Presenting features, co-morbid conditions, treatment, and outcome of cerebral venous sinus thrombosis (CVST) in a consecutive series of children are reported from Department of Paediatric Neurology, Bristol Royal Hospital for Children, UK. Twenty-one children (10 male) were diagnosed with CVST (using electronic databases and international codes) and treated in a single pediatric neurology center over a period of 8.25 years. Ages ranged from 1.4 to 16.9 years (median 7.1 years); neonates were not included. Presenting symptoms in order of prevalence were headache in 15 [71.4%], vomiting (14 [66.6%]), visual disturbance (8 [38.1%]), lethargy/malaise (4 [19.1%]), irritability (3 [14.3%]), limb weakness (2 [9.5%]), unsteady gait (2 [9.5%]), and seizures in 2 [9.5%] patients. Neurological abnormal signs included papilledema in 16 [76.2%], fever (6 [28.6%]), sixth nerve palsy (6 [28,6%]), hemiparesis (5 [23.8%]), decreased level of consciousness (3 [14.3%]), visual field defect (2 [9.5%]), and ataxia in 2 [9.5%]. Patients without papilledema were the youngest, 3.4 years or less. Ear infection (otitis media/mastoiditis) was the most frequent etiological factor, in 13 [61.9%] patients. Other predisposing factors were anemia in 4 and thrombocytosis in 3, nephrotic syndrome in 3, dehydration (3), oral contraceptive (2), group A streptococcal septicemia (2), and pituitary germinoma in 1. Thrombosis was located in superficial sinuses in 21 and deep sinuses in 6. Transverse lateral sinuses were involved in 19 and superior sagittal in 10. CT scans were falsely negative in five of 16 children examined. MRI/MRvenography was diagnostic in all patients. All 21 patients received heparin infusions, and 4 severe cases were treated by local thrombolysis using tissue plasminogen activator, with benefit in 3. All 15 children with infection received antibiotics. Adverse outcome occurred in 45%: 2 died, 8 were treated for chronic intracranial hypertension, 2 had residual hemiparesis, and 1 residual sixth nerve palsy. [1]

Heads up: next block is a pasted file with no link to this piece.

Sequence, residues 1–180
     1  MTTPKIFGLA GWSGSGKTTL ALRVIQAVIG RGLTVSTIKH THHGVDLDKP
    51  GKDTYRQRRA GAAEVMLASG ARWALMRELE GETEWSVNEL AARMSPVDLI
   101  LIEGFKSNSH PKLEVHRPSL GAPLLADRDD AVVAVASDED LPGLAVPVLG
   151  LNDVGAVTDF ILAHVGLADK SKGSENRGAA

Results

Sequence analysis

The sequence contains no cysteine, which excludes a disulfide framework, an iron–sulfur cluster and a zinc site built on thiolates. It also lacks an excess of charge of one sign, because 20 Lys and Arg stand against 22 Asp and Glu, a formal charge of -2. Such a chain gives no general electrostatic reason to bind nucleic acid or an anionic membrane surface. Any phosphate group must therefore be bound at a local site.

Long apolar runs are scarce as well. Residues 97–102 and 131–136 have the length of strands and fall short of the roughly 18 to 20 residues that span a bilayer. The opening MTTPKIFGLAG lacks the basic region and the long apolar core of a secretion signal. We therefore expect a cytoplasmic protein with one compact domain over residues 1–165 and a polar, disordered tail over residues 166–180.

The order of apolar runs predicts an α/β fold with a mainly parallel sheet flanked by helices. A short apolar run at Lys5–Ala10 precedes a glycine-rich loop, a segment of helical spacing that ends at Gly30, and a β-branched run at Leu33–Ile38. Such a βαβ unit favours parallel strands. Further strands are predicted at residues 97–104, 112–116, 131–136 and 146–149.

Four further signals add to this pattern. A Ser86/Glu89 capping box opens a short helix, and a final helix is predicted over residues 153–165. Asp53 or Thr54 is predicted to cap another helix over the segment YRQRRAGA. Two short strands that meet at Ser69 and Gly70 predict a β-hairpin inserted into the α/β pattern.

COMMENT. Cerebral venous sinus thrombosis (CVST) is rare in children and occurs more frequently in neonates. In one recent study of 70 patients, ages ranging from 6 days to 12 years, 25 (35%) were neonates [2]. Seizures were the most frequent presenting feature, occurring in 59%. This finding contrasts with the present series that excludes neonates and in which seizures occurred in only 9.5%. Seizures were reported in 58% of 160 consecutive children (newborn to 18 years of age) with CVST enrolled in a Canadian Registry in six years from 1992-1998. Occurrence of seizures was followed by a poor outcome [3]. A report of four neonates with CVST and seizures who developed infantile spasms with hypsarrhythmia at 7-11 months of age demonstrates the poor long-term outcome of neonatal CVST that presents with seizures. [4]

Diagnosis of CVST is frequently overlooked because presenting symptoms are varied and nonspecific. Headache is the most frequent presenting symptom in older children and adults, affecting 95% of patients with isolated lateral sinus involvement [5]. Presence of comorbid factors, especially ear infection, should alert the probability of CVST in a child presenting with headache, vomiting and papilledema. Imaging with CT is unreliable, with a high incidence of false negatives, and MRI/MRV is recommended but sometimes difficult to interpret due to anatomical variation. The right transverse sinus is commonly dominant, and the left transverse sinus may be narrowed and atretic. [6, 7]

Dramatic increase in venous thromboembolism (VTE) is reported in Children’s Hospitals in the United States from 2001 to 2007 [8]. The increase was observed at all ages, including neonates. Of 15,000 cases, 1206 involved the intracranial venous sinuses. Pediatric malignancy was the most common comorbid condition associated with recurrent VTE.